Color & Control:

Announcing 2024’s Difference Makers!

Five outstanding young Canadians

“Making Canada and the world accessible and inclusive is an important vision that is characterized by the ultramarathon of social change that transcends generations. It’s vital that our future difference makers be identified, recognized, supported and encouraged as we pass the flame of leadership and innovation to their capable hands. I’m inspired by the depth and diversity of youth leaders across our country. I see how capable they are in identifying barriers and mobilizing teams to move forward to take action so that these barriers are removed. I’m grateful to our teachers and our country’s education system for educating, inspiring and enabling our youth to be champions of change for today and tomorrow.” – Rick Hansen

Meet the five Rick Hansen Foundation School Program (RHFSP) Difference Maker of the Year Awards 2023-4. The annual award honours youth aged 5 to 18 who have significantly contributed to making their schools and communities more physically accessible and inclusive for people with disabilities.

Award recipients are chosen by a selection committee consisting of previous Difference Maker of the Year Award recipients and members of the RHFSP Youth Leadership Committee. This year’s awards received the highest number of nominations in the initiative’s history, with exceptional candidates from across Canada.

Andrei Paul Marti,
St. Michaels University School, Victoria, British Columbia 

Andrei volunteers for a charity to raise awareness for Type One Diabetes (T1D). As a person with lived experience, Andrei knows the cost associated with T1D: Help Fill A Dream” raises money to help families with the cost of medical supplies—he has successfully raised over $50,000 to date. 

Andrei also advocates across the country to raise awareness of T1D and the effects it can have on a person, family and community. To date, Andrei has met with researchers, Members of Parliament and speaks at local and national events. 

Talina Papazian,
Toronto French School / University of Waterloo, Ontario 

Toronto high school student, Talina Papazian wrote, illustrated and published a children’s book called You Taught Me

Her book seeks to raise awareness about youth with both visible and invisible disabilities, reminding the reader about the importance of inclusion. To build upon the book, Talina also founded a campaign by the same name and works to educate and change attitudes about disability and inclusion. 

All money raised by the sale of Talina’s book is going to Holland Bloorview with the hopes of increasing the accessibility of their services. To date, Talina has raised half of her $10,000 goal.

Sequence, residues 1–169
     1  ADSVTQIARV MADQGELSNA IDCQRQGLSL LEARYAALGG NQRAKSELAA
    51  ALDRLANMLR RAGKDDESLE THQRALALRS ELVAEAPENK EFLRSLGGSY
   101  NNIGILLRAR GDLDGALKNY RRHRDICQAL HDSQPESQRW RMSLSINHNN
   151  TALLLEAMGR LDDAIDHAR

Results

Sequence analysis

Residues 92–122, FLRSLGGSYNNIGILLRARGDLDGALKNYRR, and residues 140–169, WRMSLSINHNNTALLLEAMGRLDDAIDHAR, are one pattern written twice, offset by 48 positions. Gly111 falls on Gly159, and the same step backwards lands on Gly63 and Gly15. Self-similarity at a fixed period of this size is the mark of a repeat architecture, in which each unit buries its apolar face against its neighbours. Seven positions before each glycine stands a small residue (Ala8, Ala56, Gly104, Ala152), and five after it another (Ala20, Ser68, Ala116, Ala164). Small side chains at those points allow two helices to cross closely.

Andrew Phillips,
Fredericton High School, Fredericton, New Brunswick 

At Fredericton High School, student, Andrew Phillips, knew that all students should have the opportunity to enjoy a high school dance. After noticing that some of his peers couldn’t participate, he met with the student council to launch the Chill Dance Pilot Project. 

The Chill Dance Pilot Project is an inclusive dance experience that provides an opportunity for all students, including those who find dances challenging due to sensory or mobility disabilities, to participate in this high school experience. In the 2023-2024 school year, three dances were held as part of this imitative. Due to the success, other schools in the district have also adopted the initiative. 

Abigail Thornton,
Fredericton High School, Fredericton, New Brunswick 

Abby Thornton, a student at Fredericton High School, worked as president of the Best Buddies club. During her tenure, she sought to engage students with disabilities in more activities and promote inclusion awareness across the school. She also organized weekly club activities as well as monthly out of school activities, as well as special event days to raise awareness of inclusion and disability, merchandise orders, and partnering with other clubs across the school to host events for the whole school. 

Emma Stafford,
South Peace Secondary, Baldonnel, British Columbia 
Over the last decade, South Peace Secondary student, Emma Stafford has been involved with North Peace Ride for the Disabled. This past year, she worked as the Ride Coordinator for the organization. This involved working with riders, families, horses and volunteers to provide weekly riding opportunities for individuals with disabilities. Some of Emma’s duties involved training volunteers to move riders that use wheelchairs to specialized saddles and working with people with lived experience to seek input on activities. The program provides an opportunity for riders to participate in an exciting activity and help build self-esteem and confidence.

The RHFSP Difference Maker of the Year award celebrates youth ages 5-18 whose accessibility projects go above and beyond to make their schools and communities more inclusive by creating more awareness and removing barriers for people with disabilities. The next round of nominations will be in January 2025.

Cynnamon Schreinert represents the Rick Hansen Foundation (RHF) based in Richmond, British Columbia.

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